Watch the full seven-minute video to hear Redd discuss allegorical interpretation, living in the nation's capital, and more.

Scott Redd from The Gospel Coalition on Vimeo.

 
 

Feb

18

2014

Matt Smethurst|12:05 AM CT

What Not to Say to Someone Who's Suffering

"Job's friends were great counselors," Tullian Tchividjian observes, "until they opened their mouth."

Tchividjian sat down with Paul Tripp and Dave Furman to discuss things you shouldn't to say to a person in pain—many of which they've learned the hard way.

"I've made the mistake of comparing one person's pain to someone else's," recalls Furman, pastor of Redeemer Church of Dubai in the United Arab Emirates. Though perhaps well intentioned, this approach diminishes the real struggle before your eyes and leaves the person to conclude you "have no idea what I'm going through." Along similar lines, Tripp adds that it's remarkably unhelpful to tell someone, "You will never suffer as much as Jesus did." To the person who suffers this comment sounds like Jesus set the bar so high that no one else's pain matters.

"The mandatory happiness we require inside the church often perpetuates the pain people feel," says Tchividjian, pastor of Coral Ridge Presbyterian Church in Ft. Lauderdale, Florida. "But we have a faith that actually embraces suffering, that looks it square in the face and is realistic about it. The idea that God suffers for us and with us is what sets Christianity apart."

Watch the full seven-minute video to see these pastors discuss blunders they've made, comforting their kids, awkward silence, and more.

Loss from The Gospel Coalition on Vimeo.

 
 

Feb

11

2014

Matt Smethurst|12:05 AM CT

The Grueling Glory of Pastoral Ministry

After TGC Arizona's recent regional conference, Paul Tripp sat down with Josh Vincent, pastor of Trinity Bible Church in Phoenix, to discuss themes related to his book Dangerous Calling: Confronting the Unique Challenges of Pastoral Ministry (Crossway) [review | interview]. "Of all the books I've written, I think it's accurate to say I wept my way through this one," Tripp reflects. "To recognize that you actually need the gospel you preach is a wonderfully healthy thing."

Tripp also observes how perilously lonely leadership can be. Since "every pastor is in need of pastoring," it's imperative for leadership teams to cultivate environments of candor and grace. "An elder board can so easily become the logistical board of a religious institution rather than a spiritual community," he says. Carving out time to pray together, then, is one small yet vital way to promote unity and health.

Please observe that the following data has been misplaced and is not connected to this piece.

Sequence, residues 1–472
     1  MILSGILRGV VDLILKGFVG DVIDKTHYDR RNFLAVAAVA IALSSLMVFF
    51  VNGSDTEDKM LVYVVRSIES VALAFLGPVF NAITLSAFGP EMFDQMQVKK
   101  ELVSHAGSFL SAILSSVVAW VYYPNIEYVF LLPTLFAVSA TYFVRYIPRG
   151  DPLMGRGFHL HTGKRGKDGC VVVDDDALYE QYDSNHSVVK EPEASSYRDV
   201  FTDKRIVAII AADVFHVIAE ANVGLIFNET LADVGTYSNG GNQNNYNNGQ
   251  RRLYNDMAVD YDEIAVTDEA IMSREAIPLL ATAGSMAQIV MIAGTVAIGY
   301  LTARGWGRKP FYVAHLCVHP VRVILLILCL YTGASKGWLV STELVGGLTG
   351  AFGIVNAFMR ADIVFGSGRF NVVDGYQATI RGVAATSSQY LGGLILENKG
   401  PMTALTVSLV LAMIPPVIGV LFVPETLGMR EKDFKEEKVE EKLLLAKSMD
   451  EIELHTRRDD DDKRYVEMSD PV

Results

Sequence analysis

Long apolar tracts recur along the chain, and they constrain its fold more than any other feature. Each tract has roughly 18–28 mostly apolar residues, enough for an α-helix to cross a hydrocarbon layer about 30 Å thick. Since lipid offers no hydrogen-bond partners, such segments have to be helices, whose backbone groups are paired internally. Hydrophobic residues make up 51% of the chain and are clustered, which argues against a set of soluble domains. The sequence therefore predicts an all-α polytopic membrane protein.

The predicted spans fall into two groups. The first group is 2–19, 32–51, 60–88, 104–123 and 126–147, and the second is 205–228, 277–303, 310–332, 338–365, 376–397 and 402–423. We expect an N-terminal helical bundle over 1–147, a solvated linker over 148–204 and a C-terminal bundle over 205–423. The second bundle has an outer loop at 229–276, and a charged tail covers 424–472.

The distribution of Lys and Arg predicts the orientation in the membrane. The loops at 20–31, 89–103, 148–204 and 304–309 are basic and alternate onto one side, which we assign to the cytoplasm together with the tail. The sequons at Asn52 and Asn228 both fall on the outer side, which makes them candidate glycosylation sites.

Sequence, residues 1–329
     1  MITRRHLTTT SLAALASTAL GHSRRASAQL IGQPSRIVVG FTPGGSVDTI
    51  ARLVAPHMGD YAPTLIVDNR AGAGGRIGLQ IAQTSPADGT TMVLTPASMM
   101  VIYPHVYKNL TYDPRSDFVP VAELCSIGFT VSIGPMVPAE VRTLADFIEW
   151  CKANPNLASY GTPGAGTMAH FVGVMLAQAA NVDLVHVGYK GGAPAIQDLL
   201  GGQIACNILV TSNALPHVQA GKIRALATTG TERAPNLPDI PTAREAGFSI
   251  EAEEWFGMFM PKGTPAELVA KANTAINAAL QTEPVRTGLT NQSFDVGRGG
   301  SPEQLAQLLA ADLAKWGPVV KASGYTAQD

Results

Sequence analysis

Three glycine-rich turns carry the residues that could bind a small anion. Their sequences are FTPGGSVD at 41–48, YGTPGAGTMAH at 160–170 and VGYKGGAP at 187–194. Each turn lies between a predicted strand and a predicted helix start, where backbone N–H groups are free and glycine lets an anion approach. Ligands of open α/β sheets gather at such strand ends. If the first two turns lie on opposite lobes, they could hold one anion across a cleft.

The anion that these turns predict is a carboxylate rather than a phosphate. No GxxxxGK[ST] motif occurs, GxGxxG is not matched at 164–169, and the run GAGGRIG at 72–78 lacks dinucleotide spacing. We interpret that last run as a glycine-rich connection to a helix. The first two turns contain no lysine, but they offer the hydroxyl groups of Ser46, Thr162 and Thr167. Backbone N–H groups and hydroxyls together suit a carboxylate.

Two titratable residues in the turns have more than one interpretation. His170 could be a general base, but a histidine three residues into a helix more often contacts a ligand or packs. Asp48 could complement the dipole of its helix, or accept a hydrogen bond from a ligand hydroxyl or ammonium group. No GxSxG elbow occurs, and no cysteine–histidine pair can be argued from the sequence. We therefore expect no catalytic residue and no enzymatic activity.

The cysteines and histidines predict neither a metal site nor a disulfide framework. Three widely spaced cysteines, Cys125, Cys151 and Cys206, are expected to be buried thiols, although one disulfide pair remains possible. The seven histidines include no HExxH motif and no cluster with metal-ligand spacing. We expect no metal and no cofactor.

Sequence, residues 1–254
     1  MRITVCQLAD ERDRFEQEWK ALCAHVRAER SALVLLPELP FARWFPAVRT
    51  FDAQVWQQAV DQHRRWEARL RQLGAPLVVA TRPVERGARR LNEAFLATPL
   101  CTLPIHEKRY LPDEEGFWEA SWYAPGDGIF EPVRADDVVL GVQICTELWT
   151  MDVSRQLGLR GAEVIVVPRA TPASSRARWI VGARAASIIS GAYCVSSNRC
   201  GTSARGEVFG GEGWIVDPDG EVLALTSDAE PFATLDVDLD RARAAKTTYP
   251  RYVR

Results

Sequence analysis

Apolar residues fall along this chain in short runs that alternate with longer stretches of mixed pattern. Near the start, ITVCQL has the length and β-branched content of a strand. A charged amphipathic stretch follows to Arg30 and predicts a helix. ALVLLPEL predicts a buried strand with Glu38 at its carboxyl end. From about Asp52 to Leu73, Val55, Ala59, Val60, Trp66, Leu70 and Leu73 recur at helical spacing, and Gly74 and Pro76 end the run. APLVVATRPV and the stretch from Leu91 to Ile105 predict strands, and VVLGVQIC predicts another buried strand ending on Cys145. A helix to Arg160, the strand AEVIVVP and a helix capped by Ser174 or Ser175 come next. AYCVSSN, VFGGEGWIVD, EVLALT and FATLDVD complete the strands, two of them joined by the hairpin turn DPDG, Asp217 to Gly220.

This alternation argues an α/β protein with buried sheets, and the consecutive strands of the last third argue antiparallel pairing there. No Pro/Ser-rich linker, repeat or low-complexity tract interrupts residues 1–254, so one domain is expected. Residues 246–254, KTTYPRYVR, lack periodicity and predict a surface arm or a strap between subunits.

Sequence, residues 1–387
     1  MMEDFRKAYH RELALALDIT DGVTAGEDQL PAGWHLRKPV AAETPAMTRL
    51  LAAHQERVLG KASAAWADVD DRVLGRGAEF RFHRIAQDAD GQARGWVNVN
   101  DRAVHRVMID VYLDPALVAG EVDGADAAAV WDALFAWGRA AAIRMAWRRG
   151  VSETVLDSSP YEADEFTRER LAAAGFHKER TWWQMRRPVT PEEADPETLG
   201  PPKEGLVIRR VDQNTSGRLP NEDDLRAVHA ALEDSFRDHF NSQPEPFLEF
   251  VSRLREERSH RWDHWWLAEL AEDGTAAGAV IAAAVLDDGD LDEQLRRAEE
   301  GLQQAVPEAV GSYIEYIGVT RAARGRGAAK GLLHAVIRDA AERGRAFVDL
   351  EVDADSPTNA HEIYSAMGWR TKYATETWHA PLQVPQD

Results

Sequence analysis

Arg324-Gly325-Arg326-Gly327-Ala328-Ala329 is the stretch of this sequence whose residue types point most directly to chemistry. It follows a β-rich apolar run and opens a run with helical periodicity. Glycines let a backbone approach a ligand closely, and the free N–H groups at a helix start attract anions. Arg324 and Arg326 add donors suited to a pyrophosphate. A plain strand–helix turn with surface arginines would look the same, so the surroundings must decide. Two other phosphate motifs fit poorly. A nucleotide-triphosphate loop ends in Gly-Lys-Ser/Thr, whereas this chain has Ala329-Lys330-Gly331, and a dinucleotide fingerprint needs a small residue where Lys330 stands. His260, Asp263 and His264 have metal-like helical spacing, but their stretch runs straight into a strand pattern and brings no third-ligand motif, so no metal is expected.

"There's also an underplayed devotional aspect to preaching," Tripp adds. "One of the most powerful things is when your people get to watch you worship your way through your own sermon."

And what about the minister's marriage? "Think about how many ministry wives are dealing with two men—the public man and the private man," he says. "And they know the public man isn't the one they get to have at home." This sad state of affairs may be common, Tripp says, but it's not hopeless.

Watch the full 20-minute video to learn from Tripp about mentoring, delegating, sermon prep, pulpit humor, and more.

Paul Tripp on Ministry from Thomas Daniel Media on Vimeo.

 
 

Feb

06

2014

Matt Smethurst|12:05 AM CT

When Staff and Lay Elders Collide

When it comes to church leadership, the New Testament pattern is clear: a plurality of elders shepherding a flock entrusted to their care. Some of them, such as the senior pastor, often serve as paid, full-time staff at the church. But many others may not. They have "regular" full-time jobs outside the church.

Senior ministers Ryan Kelly and Rick Phillips talked with lay leader Bob Doll about the conflicts that sometimes arise between staff and lay elders. "Some tension is inevitable," admits Kelly, pastor of Desert Springs Church in Albuquerque. "It requires patience on the part of the staff elders to bring the others up to speed and understanding on the part of lay elders that much has gone on."

Doll, chief equity strategist and senior portfolio manager at Nuveen Asset Management, points to inadequate vision-casting, poor communication, murky lines of responsibility, and conflict avoidance as factors that typically yield problems. Additionally, according to Phillips, pastor of Second Presbyterian Church in Greenville, South Carolina, "It's important to ensure non-staff elders aren't viewed or treated as mere rubber stampers, an applause audience for the staff."

Watch the full eight-minute video to see these leaders discuss lay elders with demanding jobs, the cesspool of sinners, losing votes, and more. Next month Phillips will be speaking at TGC's southwest regional conference, Clarus, hosted at Kelly's church in Albuquerque.

When Staff Elders and Lay Elders Collide from The Gospel Coalition on Vimeo.